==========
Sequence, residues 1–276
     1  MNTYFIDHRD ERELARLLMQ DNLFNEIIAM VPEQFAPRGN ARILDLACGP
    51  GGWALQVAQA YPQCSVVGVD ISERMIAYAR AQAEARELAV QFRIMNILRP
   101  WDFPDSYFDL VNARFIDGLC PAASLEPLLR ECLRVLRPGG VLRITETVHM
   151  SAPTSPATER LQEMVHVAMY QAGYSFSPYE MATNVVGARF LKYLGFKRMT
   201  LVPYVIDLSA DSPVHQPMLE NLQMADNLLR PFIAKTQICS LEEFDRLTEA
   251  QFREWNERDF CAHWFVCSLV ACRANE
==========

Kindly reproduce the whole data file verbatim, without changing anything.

Sequence, residues 1–276
     1  MNTYFIDHRD ERELARLLMQ DNLFNEIIAM VPEQFAPRGN ARILDLACGP
    51  GGWALQVAQA YPQCSVVGVD ISERMIAYAR AQAEARELAV QFRIMNILRP
   101  WDFPDSYFDL VNARFIDGLC PAASLEPLLR ECLRVLRPGG VLRITETVHM
   151  SAPTSPATER LQEMVHVAMY QAGYSFSPYE MATNVVGARF LKYLGFKRMT
   201  LVPYVIDLSA DSPVHQPMLE NLQMADNLLR PFIAKTQICS LEEFDRLTEA
   251  QFREWNERDF CAHWFVCSLV ACRANE